A problem shared by mother-of-four and GP Clare Bailey

A problem shared by mother-of-four and GP Clare Bailey: I’m in constant pain with a deep and dull ache in my lower belly

  • An anonymous reader says they deal with a constant pain in their lower belly
  • They say the deep and dull pain is always there and they have to take painkillers
  • Mother-of-four and GP Clare Bailey advises them on what they can do 

Q I’m in constant pain with a deep, dull ache in my lower belly. I often have to resort to over-the-counter painkillers, but am reluctant to take anything stronger. My GP has done scans and investigations and can’t tell me why I’m still in pain. This has gone on for nearly a year and it’s getting me down. Could it all be in my head?

A What you describe sounds like chronic pelvic pain syndrome (CPPS), which affects the lower abdomen or pelvis, and that lasts over six months. It is thought to strike up to 16 per cent of women. Sadly, only a third of them seek advice.

Less commonly, CPPS can affect men too, causing aches in the bladder and prostate.

The pains are often varied in nature and intensity, from mild to disabling, sometimes leading to nausea, vomiting or fainting.

Chronic pelvic pain syndrome (CPPS) affects the lower abdomen or pelvis and lasts over six months (File image)

CPPS can be felt all over the pelvic area, or just in one place. Some experience sharp pains and cramps, others a dull ache and pressure deep in the pelvis. It can be triggered by urinating, a bowel movement or sexual intercourse.

CPPS may be set off by endometriosis, as well as inflammation, irritable bowel, scarring or interstitial cystitis (bladder inflammation without infection). It can also be related to dilated veins in the pelvis. Pressure on a nerve, fibroids in the womb or infections in the pelvis can also set off pain.

Psychological issues can be involved, too: anxiety, depression, post-traumatic stress disorder (PTSD) and insomnia.

I imagine your GP will already have asked you about any unusual bleeding, weight loss, abdominal swelling or blood in the urine. I would expect you to have had an internal examination, blood tests and scans.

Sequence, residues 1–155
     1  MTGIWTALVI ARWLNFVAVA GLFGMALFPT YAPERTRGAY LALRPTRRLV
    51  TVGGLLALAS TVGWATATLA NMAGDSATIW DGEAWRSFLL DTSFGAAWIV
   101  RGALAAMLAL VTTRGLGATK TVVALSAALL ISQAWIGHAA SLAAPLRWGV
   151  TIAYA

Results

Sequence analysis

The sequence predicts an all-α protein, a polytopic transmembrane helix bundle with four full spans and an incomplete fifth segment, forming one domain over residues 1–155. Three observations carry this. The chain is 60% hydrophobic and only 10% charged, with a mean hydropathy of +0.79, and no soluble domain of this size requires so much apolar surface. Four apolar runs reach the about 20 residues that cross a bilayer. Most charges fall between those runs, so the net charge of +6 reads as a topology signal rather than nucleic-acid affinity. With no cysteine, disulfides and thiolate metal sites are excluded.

Unfortunately, despite such tests, a cause often can not be found. There may have been a trigger, which is no longer there, but has meant the nerves sending pain signals to your brain have become ultra-sensitive.

So what can you do to manage and reduce symptoms? Treatment should be focused on both the psychological and physical aspects of the pain.

Claire Bailey (pictured) explains that treatment should be focused on both the psychological and physical aspects of the pain

You say everyday painkillers don’t work. There are stronger prescription painkillers, but they may lead to tolerance or dependence. Nerve blocks or steroid jabs can help in severe cases. Botox can also be used to lessen pain with sexual activity, reduce pelvic pressure and alleviate persistent pain. Some patients opt for a hysterectomy — but up to 40 per cent still have pain afterwards.

You could also try pelvic floor physiotherapy, which has been shown to lead to a 22 per cent reduction in pain. A psychological approach, such as cognitive behavioural therapy (CBT) can have a big impact. Mindfulness can help, too, as can talking therapies and/or antidepressants.

Lifestyle changes, such as adopting a Mediterranean diet, keeping active and prioritising sleep, will reduce inflammation in the body and your pain.

Do seek further professional advice if the pain is getting worse, affecting your work and home life. You shouldn’t feel you have to just ignore it. 

I love the opportunity for a short snooze in the afternoon. Just ten or 15 minutes is enough to leave me feeling relaxed and revived. So I was pleased to read that recent research in five-year-olds shows that not only does a quick nap calm them down when tired and irritable, but it is also integral to their brain development. It helps to free up brain space for memory storage and learning. As they get older and their brains mature, children nap less often. But I would like to think that my afternoon snooze might be freeing up much-needed brain space, too. 

Pressure cookers may be seen as relics of the 1970s, but it turns out they use far less energy than the oven or hob.

Using a build-up of steam and pressure in a sealed pot, and usually placed on the hob to raise the temperature above boiling, they are then turned down to a minimum to cook. For those who forget to switch things off, there are digital versions that do it for you.

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